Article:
Questions to and Answers from Applicant for .i

ICANN Questions:

ICANN is in the process of reviewing Sarnoff's TLD Application. As outlined in the October 23, 2000 TLD Application Review Update which appears at http://www.icann.org/tlds/tld-review-update-23oct00.htm, ICANN may "gather the additional information [it] require[s] by posing specific questions to applicants in e-mail and requesting a written response."

Keeping in mind the goal to evaluate applications to operate or sponsor new TLDs in as open and transparent a manner as possible, both the questions posed by ICANN and the Applicant's responses will be publicly disclosed on the ICANN website. Accordingly, ICANN requests your reponses to the following questions:

1. Identify and summarize Applicant's assumptions with respect to the existence of other general purpose TLDs in determining the total number of registrations in your application.

2. Identify and describe in detail the your average and worst case transaction time for post to confirmation of acceptance.

3. Identify and describe in detail the service level to which you are willing to contractually commit for transaction time from post to confirmation of acceptance.

Sarnoff Responses:

1. The projections in the application are based on a top down analysis of the market, including the estimated number of Internet users and Internet-enabled devices. We believe the critical factors driving adoption will be the availability of an organized name space for this market (people and devices); inexpensive, fair and equitable access; functionality and technological innovation; and, branding and marketing.

As it is difficult to estimate how many general purpose or specific purpose TLDs will be introduced by ICANN that target the people and web-enabled devices market, we have made no specific assumption about the number of other TLDs created for this space over time, either in competition with the .i TLD or as a complementary name space. Overall, we recognize that there is a great need for the DNS to expand to accommodate the needs of individuals and to create TLDs that can provide a service provider invariant point of contact through which various communications, applications and services can be received.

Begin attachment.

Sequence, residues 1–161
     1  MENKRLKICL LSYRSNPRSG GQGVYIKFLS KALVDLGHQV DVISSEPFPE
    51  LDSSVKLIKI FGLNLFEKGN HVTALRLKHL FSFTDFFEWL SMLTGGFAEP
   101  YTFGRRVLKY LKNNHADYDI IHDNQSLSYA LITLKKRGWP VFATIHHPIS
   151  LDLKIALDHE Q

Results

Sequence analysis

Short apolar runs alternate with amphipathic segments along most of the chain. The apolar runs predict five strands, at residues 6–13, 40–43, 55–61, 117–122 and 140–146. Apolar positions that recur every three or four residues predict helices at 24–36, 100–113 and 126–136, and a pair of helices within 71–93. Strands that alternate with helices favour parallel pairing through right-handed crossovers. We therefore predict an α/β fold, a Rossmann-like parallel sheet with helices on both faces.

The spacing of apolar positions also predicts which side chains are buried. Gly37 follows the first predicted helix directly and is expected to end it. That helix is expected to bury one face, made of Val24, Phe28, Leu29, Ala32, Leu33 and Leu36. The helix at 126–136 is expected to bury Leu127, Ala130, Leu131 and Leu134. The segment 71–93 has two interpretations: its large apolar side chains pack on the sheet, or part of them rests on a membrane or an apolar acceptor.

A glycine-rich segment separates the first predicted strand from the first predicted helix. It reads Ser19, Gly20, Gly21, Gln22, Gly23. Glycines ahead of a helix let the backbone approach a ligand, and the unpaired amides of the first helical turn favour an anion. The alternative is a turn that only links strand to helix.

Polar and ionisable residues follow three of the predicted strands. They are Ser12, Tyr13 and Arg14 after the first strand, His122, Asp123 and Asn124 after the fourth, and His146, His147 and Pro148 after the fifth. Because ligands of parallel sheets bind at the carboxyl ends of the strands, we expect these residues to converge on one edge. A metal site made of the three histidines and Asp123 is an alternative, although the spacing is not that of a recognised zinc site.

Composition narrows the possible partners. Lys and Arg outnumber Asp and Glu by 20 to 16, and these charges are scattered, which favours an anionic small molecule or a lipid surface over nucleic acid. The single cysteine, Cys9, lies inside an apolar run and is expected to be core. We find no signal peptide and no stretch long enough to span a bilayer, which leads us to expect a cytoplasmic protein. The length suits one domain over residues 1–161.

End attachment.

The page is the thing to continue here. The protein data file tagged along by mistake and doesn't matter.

Given the vast size of this unserved market, we believe that the presence of a large number of TLDs targeting this market, even if they were in direct competition with the .i TLD, would actually help to expand penetration significantly, while also helping to create a greater variety and depth of services offered by various vendors.

Actual registrations are likely to be affected by a number of factors, including the way this market and Web enabled devices actually evolve. The registrations for the proposed TLD also assume a large number of free domain name registrations that account for up to 40% of the total registrations. In addition, it is noted that if the evolution of the Internet and Internet-enabled devices stays on course as per current projections, actual demand for domain name based services could reach 25-30% of the total number of Internet users and devices.

While not a chartered TLD, the naming convention described in the .i TLD application is intended to further the objectives of a TLD for use by individuals and Internet-enabled devices, and is not intended as a "general purpose TLD" per se. The distinction between "chartered" and "general" TLDs among the various applications appears to be drawn between those having a charter policing mechanism, and those not having one. One of the concepts sought to be proven in the .i model is targeting use of a TLD via a structured addressing convention that is more flexible than a strict numeric mapping, but channeled toward individual and device addressability. The pricing structure is intended to promote universal accessibility.